GED Science Practice Test: Weather: Air Mass And Fronts
Air Mass: In meteorology, an air mass is a volume of air defined by its temperature, water vapor content, density, and location (over land or over water). Air masses cover many hundreds or thousands of square miles, and adopt the characteristics of the surface below them. Colder air masses are termed polar or arctic, while warmer air masses are deemed tropical.
Weather Front: A front is defined as the transition zone between two air masses of different density and temperature. If warm air is moving toward cold air, it is a “warm front”. These are shown on weather maps as a red line with scallops on it. If cold air is moving toward warm air, then it is a “cold front”. Cold fronts are always shown as a blue line with arrow points on it. If neither air mass is moving very much, it is called a “stationary front”, shown as an alternating red and blue line.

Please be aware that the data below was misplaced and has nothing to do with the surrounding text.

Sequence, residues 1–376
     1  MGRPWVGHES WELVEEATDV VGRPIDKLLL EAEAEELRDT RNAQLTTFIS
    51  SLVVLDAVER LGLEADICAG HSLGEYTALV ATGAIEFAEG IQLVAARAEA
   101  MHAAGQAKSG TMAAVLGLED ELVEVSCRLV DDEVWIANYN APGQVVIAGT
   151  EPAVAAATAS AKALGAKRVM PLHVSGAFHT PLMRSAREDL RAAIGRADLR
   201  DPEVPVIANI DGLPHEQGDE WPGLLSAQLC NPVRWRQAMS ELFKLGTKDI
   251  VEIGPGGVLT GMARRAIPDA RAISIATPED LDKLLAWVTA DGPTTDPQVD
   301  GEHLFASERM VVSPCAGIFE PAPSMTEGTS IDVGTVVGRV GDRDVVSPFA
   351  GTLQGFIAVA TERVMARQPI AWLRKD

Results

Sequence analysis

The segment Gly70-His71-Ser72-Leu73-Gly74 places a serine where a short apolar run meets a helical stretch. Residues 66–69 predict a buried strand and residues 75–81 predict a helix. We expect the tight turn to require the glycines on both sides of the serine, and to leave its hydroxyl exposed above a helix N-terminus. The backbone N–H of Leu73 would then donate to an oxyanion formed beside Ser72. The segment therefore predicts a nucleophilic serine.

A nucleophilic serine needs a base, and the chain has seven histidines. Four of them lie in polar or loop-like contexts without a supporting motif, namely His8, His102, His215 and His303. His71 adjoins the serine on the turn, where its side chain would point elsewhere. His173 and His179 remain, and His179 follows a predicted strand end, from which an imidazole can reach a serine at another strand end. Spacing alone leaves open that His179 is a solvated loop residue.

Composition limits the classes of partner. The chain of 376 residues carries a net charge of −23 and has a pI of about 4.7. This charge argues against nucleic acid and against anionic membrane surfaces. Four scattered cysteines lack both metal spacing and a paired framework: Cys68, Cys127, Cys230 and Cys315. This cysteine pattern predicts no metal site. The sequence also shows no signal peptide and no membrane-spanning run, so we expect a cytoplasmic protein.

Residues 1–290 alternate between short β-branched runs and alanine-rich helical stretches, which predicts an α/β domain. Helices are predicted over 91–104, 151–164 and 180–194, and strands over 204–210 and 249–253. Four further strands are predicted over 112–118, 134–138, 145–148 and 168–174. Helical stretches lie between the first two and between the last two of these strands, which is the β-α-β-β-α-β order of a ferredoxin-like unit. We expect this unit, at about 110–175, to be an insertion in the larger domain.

The contact between two air masses at a weather front can cause a number of different weather patterns. One weather event is pictured below, in which a cold front causes a cold and a warm air mass to meet over water. At the weather front, clouds are formed, due to the warm air rising and water vapor condensing.
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After a spell of humid, heavy weather, a front blows through, bring cooler, less-humid weather with it. The air that blew in behind the front is likely _________________ compared to the air in front of the front.